FAVOLORO: I’m John Favoloro I’m assigned to the 6th district. This area round here, I’m not going to lie to you, is one of the hottest areas we have. Just around the corner the other day we had a drive-by shootin’. All our shootings up here are dope dealers. They shootin’ each other. We had three of ‘em Saturday. But while you’re up here, be careful. You ladies like to shop they got all kind of blue jeans places, used blue jeans and everything else. But around here don’t go roamin’ at night. When you all do these houses, pay attention what you doing, we been having a lot of trouble with spiders, a couple of policemen got bit. Make sure it’s well-lit. And that’s all I gotta tell you.
MALE VOLUNTEER: Sir?
FAVOLORO: Uh huh?
MALE VOLUNTEER: What kind of spiders was it?
FAVOLORO: The brown recluse.
FAVOLORO: But y’all be careful out there. And thank y’all. We really do appreciate it. Because if it wasn’t for y’all, we would be in deep trouble. And thank y’all from the people of New Orleans.
LOBET: The owners of the houses where the volunteers will work may be elderly, disabled, for some reason unable to do the tear-out on their homes. Recovery center staffer Shawn Darnell reminds the volunteers to be compassionate about what that person may have been through.
DARNALL: You may look at something and say this is not worth saving. Why does she want to keep this?
LOBET: Darnall tells them to collect any papers that could be used for identity theft. The volunteers’ work will enable the crucial next step, treating the framing for mold.
DARNALL: Your goal when you walk out of that house is to have nothing but the exterior walls and the studs showing.
[SOUND OF METAL TOOLS CLANKING]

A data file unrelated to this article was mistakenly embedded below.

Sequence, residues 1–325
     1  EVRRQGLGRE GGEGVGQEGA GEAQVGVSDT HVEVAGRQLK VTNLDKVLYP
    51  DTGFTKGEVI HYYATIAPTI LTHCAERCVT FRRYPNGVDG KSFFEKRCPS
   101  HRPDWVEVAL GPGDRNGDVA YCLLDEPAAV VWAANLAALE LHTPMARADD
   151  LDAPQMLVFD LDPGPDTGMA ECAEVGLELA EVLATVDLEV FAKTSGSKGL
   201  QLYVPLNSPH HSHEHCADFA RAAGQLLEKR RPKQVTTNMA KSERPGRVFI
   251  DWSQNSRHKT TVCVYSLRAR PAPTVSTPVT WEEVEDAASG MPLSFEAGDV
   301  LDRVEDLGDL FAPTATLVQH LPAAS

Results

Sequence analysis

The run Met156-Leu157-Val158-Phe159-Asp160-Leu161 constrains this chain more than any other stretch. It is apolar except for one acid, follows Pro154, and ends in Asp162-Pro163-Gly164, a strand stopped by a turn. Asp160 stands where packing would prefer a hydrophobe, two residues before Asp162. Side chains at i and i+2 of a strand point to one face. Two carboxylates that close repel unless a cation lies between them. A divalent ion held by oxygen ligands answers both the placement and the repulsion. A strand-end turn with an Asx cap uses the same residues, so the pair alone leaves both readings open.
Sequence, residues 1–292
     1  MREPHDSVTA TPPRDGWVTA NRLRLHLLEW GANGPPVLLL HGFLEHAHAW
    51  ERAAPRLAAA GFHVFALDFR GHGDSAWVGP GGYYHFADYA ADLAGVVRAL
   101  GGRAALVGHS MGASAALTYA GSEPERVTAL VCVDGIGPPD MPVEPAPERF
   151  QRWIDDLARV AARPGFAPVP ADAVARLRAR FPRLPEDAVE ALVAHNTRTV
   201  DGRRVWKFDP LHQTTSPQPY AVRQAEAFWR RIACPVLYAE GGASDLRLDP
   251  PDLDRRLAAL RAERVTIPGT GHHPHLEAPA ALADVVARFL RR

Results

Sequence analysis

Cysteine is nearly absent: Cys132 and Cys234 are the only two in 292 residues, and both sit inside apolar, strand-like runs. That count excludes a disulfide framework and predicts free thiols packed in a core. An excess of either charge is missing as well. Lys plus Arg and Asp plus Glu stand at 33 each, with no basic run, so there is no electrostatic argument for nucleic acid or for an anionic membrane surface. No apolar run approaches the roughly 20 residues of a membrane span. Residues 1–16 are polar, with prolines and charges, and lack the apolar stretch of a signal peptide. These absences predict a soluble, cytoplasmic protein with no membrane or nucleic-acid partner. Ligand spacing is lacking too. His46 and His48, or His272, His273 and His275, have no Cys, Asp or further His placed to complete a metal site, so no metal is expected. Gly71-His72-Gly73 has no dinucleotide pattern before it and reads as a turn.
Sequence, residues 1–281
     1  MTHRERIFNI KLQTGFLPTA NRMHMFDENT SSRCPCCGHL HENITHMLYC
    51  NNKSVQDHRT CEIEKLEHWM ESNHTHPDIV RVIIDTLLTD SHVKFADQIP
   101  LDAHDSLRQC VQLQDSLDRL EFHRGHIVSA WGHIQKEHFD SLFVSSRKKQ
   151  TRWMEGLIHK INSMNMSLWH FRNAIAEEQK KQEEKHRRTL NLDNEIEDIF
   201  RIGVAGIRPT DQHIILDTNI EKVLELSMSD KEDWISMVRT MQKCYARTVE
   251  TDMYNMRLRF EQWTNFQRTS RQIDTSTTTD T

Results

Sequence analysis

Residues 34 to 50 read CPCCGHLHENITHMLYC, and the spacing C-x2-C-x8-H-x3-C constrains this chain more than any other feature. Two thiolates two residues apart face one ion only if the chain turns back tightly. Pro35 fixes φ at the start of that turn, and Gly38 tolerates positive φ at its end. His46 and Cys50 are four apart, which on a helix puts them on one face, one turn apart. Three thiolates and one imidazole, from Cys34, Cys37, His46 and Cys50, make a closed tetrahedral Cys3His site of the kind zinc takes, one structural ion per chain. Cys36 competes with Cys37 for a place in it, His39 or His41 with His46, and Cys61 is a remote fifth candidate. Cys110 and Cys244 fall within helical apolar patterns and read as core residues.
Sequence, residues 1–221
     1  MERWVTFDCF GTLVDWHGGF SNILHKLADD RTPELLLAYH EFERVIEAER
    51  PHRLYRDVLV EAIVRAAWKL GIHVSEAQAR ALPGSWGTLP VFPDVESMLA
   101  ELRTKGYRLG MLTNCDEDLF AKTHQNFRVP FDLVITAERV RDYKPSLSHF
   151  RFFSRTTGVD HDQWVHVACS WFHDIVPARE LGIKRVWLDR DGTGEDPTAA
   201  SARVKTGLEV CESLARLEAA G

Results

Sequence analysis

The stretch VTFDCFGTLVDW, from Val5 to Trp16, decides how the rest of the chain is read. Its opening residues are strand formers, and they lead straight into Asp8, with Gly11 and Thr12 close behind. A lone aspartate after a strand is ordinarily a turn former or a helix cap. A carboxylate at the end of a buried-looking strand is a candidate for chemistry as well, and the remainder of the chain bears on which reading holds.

VOLUNTEER COORDINATOR: You got kneepads, crowbars, small sledges.
LOBET: And with that, volunteers collect hand tools and fan out across the city to their assignments. Shawn Darnall sits down for a minute to breathe, between back-to-back orientations.
DARNALL: I think our Baton Rouge headquarters told us we would see over 3000 volunteers for the month of March. We have no more housing for the month of March.
LOBET: Since the storms, she estimates her group has brought in 25,000 people. That’s just United Methodist efforts. It doesn’t count Habitat for Humanity or Catholic Charities or other large non-profits.
DARNALL: I have been surprised by the response 18 months later. Because all the experts told us after the first year it is going to decrease drastically. And we have more volunteers here than we’ve ever had before, by double. We know that this summer, we have another very big influx of volunteers. It’s amazing.
LOBET: People like Darnall who direct these scores of volunteers are disaster victims themselves. They haul themselves out of bed in the morning, and face personal restoration while they try to raise up their city.
DARNALL: My house was okay but Katrina has torn my family apart. My husband is working in California and has been there for a year now and we don’t have an end in sight.
LOBET: Only half as many people live in the city as before. Half a population means half an economy. Darnall’s husband works for Southwest Airlines, which offered to keep its employees on if they would relocate somewhere people were still going. The family’s best compromise on income, stability and school left their eight-year-old son Colton living away from his Dad.
DARNALL: And there is despair still and the devastation. Certain areas of the city you look around and it is a ghost town. The frustration with even now, 18 months later, going to the grocery store and there not being any eggs, because they might be delivered, but they don’t have the staff to get them out. Just living here on a day-to- day basis can be nerve-wracking.
LOBET: She worries about her son.
DARNALL: That is my fear as a mother, that he grows up and eight to ten years from now and he says my life was normal until Katrina.
[SOUND OF CHILDREN]